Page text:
William F. Haddock

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William F. Haddock (November 27, 1877-June 30, 1969) was one of the earliest film directors of the silent film era.

Haddock was born William Frederick Haddock in Portsmouth, New Hampshire, and directed his first film in 1909, titled The Boots He Couldn't Lose. His next film was in 1911, when he directed The Immortal Alamo, which is the earliest known film version of the events surrounding the 1836 Battle of the Alamo, and which starred Francis Ford. No copy of that film exists today,[1] and it is considered to be a lost film, as are many of Haddock's works. Many of his films during his early years were film shorts, starring lesser known actors and actresses. He often teamed up with early film actor Lamar Johnstone, the first time being in the 1913 film Hearts and Crosses, co-starring Lucille Young. That same year he married his wife, Rosa Koch. From 1909 to 1919 Haddock directed twenty four films.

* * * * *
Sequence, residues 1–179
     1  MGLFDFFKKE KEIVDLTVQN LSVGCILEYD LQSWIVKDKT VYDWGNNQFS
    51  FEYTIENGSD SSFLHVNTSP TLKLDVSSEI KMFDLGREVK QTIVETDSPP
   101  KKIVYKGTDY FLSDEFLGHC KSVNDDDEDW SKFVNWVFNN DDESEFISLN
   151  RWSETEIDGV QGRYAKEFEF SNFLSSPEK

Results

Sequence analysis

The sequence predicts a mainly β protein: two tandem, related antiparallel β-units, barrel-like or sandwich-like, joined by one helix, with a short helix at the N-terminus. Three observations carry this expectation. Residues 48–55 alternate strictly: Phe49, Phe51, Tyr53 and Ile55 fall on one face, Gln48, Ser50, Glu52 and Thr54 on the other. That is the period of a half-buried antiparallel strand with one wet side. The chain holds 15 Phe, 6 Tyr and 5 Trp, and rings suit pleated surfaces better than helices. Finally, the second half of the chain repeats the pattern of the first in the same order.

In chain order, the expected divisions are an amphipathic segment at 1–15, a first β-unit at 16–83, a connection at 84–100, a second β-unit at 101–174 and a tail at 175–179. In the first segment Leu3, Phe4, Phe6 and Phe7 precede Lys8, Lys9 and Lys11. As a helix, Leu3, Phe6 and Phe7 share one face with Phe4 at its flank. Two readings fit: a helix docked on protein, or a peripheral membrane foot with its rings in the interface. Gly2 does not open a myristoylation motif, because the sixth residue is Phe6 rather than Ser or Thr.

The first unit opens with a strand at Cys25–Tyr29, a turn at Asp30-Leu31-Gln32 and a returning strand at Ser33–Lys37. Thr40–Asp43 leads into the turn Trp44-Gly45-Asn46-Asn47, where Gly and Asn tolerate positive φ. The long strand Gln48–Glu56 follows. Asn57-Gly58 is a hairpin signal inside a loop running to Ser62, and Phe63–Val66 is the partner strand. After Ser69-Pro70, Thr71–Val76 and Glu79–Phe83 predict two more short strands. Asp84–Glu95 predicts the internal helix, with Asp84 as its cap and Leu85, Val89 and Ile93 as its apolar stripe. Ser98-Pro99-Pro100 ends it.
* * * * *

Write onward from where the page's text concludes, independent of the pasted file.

His last direction was on the 1919 film The Carter Case, starring Herbert Rawlinson, Marguerite Marsh, and Ethel Grey Terry. Following that film, Haddock left the film business, eventually settling in New York City. Little is known about his life following his departure from film directing, except that he played the role of an old man in Arthur Penn's 1961 Miracle Worker. He died on June 30, 1969, in New York City.

Selected filmography[edit]


  1. ^ "Silent Era: The Immortal Alamo". Retrieved 2008-06-08. 

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